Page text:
Veteranclaims’s Blog

December 13, 2017

Browder v. Shulkin, No. 17-0552 (Order DATED: December 12, 2017 PER CURIAM.); VA-appointed fiduciary; misuse allegation; Extent of Writs; FTC v. Dean Foods Co., 384 U.S. 597, 603 (1966);

NO. 17-0552
Before DAVIS, Chief Judge, and SCHOELEN and PIETSCH, Judges.
On August 30, 2017, the petitioner, Joe A. Browder, Jr., filed through counsel an amended petition for extraordinary relief in the form of a writ of mandamus.1 The petitioner asked the Court to compel the Secretary to allow him to appeal to the Board of Veterans’ Appeals (Board) agency decisions declining to investigate his allegations that a VA-appointed fiduciary misused the benefits that VA asked him to administer.
The Court formed a panel to address whether a decision by the Secretary not to formally investigate a misuse allegation may be appealed to the Board and eventually the Court. See FTC v. Dean Foods Co., 384 U.S. 597, 603 (1966) (the power to issue writs “extends to the potential jurisdiction of the appellate court where an appeal is not then pending but may be later perfected”); Cox v. West, 149 F.3d 1360, 1364 (Fed. Cir. 1998). As the Court will explain in detail below, actions recently taken by the Secretary have rendered the panel issue and the amended petition moot. The Court therefore will dismiss the petition.

Congress has defined misuse of benefits by a fiduciary and described the penalty that the Secretary should impose when he determines that a misuse has occurred. 38 U.S.C. § 6106. Congress, however, has not explained to the Secretary how he should respond when a veteran alleges or another source suggests that fiduciary misuse has occurred.2
The Secretary has not issued regulations addressing that matter. Instead, he has created, through “VA policy,” a two-step process for responding to misuse allegations.3  Secretary’s May
1 The petitioner filed his initial petition on February 27, 2017. He filed his amended petition after the Veterans Consortium Pro Bono Program helped him to obtain counsel. The Court thanks the Program for its efforts and petitioner’s present counsel for his willingness to appear in this matter.
2 In one of the many filings that the Secretary has submitted during the development of this case, he stated that “[i]nformation regarding fiduciary misuse of benefits can come from any source.” Secretary’s May 22, 2017, Response at 2.
3 The Secretary has done little to formalize or publicize his policy. There is no information on VA’s website explaining to veterans whom they should contact, what steps they should take, and what rights they have if they
22, 2017, Response at 2. First, an official at one of six VA fiduciary hubs reviews the allegations and decides “in [his or her] discretion” whether “there is evidence sufficient to warrant” a formal investigation and decision. Id. If that official answers in the affirmative, then a formal investigation begins. If not, the matter is closed.4
During the pendency of this case, the Secretary conceded that decisional reports issued after VA has conducted a formal misuse investigation are subject to appellate review before the Board and eventually the Court. Id. at 2-3 (citing Freeman v. Shinseki, 24 Vet.App. 404 (2011)).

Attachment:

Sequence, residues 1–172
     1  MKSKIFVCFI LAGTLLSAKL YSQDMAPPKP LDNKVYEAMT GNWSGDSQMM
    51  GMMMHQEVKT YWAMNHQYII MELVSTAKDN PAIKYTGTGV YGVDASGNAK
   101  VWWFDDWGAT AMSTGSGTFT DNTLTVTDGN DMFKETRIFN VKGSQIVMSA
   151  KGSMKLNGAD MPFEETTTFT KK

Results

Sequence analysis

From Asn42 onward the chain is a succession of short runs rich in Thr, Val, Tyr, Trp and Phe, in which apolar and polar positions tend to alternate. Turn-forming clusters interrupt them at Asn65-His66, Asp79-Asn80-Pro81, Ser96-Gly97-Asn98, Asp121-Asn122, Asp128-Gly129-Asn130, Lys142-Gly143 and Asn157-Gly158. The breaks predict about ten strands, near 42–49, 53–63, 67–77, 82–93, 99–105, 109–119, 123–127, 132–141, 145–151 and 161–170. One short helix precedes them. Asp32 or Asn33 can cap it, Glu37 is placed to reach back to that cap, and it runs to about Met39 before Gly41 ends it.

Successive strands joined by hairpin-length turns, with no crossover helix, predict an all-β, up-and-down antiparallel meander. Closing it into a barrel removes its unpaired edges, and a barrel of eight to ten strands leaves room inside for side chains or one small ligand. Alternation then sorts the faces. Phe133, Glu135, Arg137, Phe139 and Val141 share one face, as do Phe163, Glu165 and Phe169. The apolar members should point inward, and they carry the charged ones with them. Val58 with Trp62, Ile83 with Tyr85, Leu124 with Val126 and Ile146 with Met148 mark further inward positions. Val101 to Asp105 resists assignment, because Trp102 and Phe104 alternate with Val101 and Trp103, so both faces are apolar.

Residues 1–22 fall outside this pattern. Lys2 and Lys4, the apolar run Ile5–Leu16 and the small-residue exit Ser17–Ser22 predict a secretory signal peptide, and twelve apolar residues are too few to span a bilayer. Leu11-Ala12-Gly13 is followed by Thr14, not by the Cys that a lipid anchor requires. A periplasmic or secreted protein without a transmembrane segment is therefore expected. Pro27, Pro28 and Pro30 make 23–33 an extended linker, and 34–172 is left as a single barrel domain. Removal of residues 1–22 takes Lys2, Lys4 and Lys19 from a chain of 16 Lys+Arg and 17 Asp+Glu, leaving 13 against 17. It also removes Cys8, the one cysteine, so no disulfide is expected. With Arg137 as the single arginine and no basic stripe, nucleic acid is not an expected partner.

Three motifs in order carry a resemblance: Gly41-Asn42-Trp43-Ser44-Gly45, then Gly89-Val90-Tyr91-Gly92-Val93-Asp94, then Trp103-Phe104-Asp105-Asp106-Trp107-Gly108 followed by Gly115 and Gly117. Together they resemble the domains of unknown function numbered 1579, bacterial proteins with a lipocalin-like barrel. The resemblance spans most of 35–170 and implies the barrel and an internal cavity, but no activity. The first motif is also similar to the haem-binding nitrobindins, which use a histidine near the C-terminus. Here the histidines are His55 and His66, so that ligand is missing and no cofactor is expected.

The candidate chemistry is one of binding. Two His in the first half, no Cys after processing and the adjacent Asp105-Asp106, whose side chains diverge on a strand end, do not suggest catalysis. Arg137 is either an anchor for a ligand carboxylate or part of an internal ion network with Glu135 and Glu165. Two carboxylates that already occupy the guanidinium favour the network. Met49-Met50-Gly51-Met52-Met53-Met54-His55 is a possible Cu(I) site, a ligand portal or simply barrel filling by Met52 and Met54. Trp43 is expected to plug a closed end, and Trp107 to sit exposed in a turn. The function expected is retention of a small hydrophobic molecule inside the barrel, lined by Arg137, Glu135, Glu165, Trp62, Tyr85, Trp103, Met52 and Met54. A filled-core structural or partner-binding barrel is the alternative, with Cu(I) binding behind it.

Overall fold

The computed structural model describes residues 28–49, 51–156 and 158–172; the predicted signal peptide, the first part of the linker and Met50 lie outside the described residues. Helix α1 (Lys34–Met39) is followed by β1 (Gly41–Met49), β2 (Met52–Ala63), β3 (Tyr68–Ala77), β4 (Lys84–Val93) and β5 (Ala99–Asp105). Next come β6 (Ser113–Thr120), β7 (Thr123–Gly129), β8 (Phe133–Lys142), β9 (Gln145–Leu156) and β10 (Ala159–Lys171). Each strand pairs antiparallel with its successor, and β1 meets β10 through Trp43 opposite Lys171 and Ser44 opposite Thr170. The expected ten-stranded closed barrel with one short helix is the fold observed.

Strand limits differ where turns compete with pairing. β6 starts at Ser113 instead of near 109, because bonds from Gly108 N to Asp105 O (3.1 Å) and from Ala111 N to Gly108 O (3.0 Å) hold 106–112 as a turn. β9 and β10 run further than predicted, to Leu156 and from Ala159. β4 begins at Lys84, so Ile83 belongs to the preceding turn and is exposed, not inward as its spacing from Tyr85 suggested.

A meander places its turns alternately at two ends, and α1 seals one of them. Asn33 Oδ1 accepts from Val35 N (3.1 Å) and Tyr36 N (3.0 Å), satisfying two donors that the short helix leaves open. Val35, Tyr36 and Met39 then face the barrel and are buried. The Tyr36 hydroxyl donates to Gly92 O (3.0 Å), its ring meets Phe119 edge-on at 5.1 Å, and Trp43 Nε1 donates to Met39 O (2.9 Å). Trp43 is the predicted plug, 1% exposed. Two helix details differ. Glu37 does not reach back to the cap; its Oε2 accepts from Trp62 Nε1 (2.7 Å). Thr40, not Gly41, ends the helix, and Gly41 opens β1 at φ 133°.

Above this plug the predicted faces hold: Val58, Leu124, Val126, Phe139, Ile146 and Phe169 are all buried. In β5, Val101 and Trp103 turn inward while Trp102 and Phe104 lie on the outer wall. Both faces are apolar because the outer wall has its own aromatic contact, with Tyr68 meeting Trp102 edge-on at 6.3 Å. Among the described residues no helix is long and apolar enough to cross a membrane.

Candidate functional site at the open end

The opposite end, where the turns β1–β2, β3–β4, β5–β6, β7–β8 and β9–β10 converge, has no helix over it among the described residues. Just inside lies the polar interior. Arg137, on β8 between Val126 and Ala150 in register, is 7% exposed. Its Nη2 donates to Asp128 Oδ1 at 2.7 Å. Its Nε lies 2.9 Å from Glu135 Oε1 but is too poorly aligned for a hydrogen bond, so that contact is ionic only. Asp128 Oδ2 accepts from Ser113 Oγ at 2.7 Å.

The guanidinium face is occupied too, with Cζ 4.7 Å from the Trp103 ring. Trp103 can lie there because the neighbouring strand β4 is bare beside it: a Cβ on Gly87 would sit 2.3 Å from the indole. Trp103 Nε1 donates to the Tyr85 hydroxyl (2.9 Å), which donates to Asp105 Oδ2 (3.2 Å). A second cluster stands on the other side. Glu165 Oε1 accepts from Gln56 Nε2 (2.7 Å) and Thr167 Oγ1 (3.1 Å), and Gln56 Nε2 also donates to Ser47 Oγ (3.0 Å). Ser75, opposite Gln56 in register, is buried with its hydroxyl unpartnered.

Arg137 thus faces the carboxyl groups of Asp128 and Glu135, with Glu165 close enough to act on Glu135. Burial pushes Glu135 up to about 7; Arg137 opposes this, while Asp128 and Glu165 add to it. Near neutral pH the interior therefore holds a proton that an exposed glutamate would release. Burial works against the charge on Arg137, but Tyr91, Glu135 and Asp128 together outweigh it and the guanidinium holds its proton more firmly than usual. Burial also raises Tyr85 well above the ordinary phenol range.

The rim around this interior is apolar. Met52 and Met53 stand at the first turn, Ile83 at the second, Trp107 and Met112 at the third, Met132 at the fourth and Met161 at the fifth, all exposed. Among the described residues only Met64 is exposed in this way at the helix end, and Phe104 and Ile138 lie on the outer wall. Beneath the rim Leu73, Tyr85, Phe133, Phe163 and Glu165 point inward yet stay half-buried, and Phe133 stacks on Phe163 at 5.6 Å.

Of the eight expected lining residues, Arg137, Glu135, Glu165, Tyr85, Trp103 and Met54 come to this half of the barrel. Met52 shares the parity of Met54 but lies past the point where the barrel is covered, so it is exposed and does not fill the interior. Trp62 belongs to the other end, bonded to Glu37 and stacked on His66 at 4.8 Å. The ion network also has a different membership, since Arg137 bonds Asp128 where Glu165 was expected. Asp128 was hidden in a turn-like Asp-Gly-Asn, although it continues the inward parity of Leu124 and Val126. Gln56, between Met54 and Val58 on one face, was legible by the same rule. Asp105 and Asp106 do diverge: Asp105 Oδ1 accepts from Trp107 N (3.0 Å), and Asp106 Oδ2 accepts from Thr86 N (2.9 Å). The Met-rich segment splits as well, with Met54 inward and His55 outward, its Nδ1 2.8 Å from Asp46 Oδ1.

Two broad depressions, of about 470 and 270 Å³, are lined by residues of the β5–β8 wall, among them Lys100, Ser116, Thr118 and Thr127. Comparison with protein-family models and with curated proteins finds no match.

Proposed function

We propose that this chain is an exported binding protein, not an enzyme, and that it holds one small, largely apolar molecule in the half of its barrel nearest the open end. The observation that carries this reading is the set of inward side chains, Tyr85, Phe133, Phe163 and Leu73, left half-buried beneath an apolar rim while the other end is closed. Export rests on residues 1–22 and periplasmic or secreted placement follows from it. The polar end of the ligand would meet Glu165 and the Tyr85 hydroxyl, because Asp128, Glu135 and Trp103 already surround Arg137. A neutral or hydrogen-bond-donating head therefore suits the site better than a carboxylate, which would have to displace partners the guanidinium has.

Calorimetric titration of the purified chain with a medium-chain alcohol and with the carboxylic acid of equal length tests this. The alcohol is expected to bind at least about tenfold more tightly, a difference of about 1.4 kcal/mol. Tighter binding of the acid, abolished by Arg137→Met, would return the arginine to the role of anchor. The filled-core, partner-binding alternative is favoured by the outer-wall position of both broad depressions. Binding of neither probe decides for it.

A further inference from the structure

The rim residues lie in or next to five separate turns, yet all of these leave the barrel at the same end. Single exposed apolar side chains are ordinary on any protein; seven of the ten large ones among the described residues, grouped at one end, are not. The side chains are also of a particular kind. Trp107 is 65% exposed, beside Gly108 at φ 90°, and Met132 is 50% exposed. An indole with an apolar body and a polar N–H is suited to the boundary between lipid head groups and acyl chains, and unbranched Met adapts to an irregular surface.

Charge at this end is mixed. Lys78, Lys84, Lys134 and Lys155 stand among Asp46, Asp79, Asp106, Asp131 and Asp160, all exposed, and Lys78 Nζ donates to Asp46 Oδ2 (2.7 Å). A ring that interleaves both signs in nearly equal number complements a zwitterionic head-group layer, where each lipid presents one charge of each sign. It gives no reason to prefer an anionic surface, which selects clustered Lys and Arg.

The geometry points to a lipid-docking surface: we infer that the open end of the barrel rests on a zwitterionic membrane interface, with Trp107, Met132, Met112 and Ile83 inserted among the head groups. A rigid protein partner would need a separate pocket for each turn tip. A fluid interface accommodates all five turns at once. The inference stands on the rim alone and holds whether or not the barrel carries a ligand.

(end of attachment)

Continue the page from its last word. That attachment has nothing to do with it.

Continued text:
He has argued, however, that an agency decision not to formally investigate misuse allegations is wholly discretionary and not subject to appellate review.
More than a decade ago, the petitioner alleged that his VA-appointed fiduciary embezzled a portion of the benefits that he was responsible for administering. During the pendency of a petition that the petitioner filed in 2006, a VA official submitted an affidavit to the Court responding to the petitioner’s allegations. Secretary’s April 6, 2017, Response at Exhibit 1. In his affidavit, the official wrote that “[t]here is no evidence that [the petitioner’s fiduciary] and/or the financial institutions involved embezzled any funds.” Id. In October 2006, the petitioner sent VA an “amendment to my [S]ubstantive [A]ppeal and completed VA Form 9 of August 16, 2006,” in which he reiterated his allegations. Id. at Exhibit 3.
In an October 2008 memorandum, a VA veterans service center manager wrote that “there is no need to investigate the allegation of misuse.” Id. at Exhibit 5. According to the Secretary, in “May and July 2009, in conjunction with other matters that were then before the Board, [the] [p]etitioner submitted . . . a request for reimbursement for VA pension funds he asserted were stolen by his former fiduciary.” Id. at 4.
On March 20, 2017, a VA legal instrument examiner and “fiduciary hub manager or
designee” concluded that “there is no need to investigate the allegation of misuse.” Id. at Exhibit 18. Soon thereafter, VA wrote to the petitioner that “[i]f you believe that other misuse and/or misconduct occurred, please submit any additional evidence for review.” Id. at Exhibit 19.
Whether the 2006 affidavit constitutes an agency decision not to investigate the petitioner’s misuse allegation remains in dispute. The Secretary has acknowledged, however, that the October 2008 memorandum and March 20, 2017, statement are decisions not to investigate that the petitioner challenged. Once again, it is his position that those are discretionary decisions that are not subject to appellate review. As noted in the opening paragraphs of this order, to ensure that its
potential jurisdiction is protected in this matter, the Court formed a panel to decide whether that position is correct.
After the panel formed, the Secretary, pursuant to his responsibilities as set forth in Solze v. Shinseki, 26 Vet.App. 299 (2013), informed the Court that the fiduciary hub responsible for this case had reversed course, conducted a formal misuse investigation, and, on October 6, 2017, issued an investigation report to the petitioner. The Secretary also demonstrated that fiduciary hub suspect that misuse has occurred. See (last visited November 9, 2017).